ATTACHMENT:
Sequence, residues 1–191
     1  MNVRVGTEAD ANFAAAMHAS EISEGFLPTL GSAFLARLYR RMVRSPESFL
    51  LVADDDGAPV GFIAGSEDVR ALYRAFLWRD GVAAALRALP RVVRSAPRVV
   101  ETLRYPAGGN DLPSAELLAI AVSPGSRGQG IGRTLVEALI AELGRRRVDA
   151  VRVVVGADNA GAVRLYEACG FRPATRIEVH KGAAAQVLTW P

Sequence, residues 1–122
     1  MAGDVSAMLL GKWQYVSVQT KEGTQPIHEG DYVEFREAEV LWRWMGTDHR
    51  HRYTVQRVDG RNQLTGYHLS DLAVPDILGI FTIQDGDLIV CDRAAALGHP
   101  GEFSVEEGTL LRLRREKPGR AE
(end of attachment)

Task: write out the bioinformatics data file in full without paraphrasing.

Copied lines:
Sequence, residues 1–191
     1  MNVRVGTEAD ANFAAAMHAS EISEGFLPTL GSAFLARLYR RMVRSPESFL
    51  LVADDDGAPV GFIAGSEDVR ALYRAFLWRD GVAAALRALP RVVRSAPRVV
   101  ETLRYPAGGN DLPSAELLAI AVSPGSRGQG IGRTLVEALI AELGRRRVDA
   151  VRVVVGADNA GAVRLYEACG FRPATRIEVH KGAAAQVLTW P

Sequence, residues 1–122
     1  MAGDVSAMLL GKWQYVSVQT KEGTQPIHEG DYVEFREAEV LWRWMGTDHR
    51  HRYTVQRVDG RNQLTGYHLS DLAVPDILGI FTIQDGDLIV CDRAAALGHP
   101  GEFSVEEGTL LRLRREKPGR AE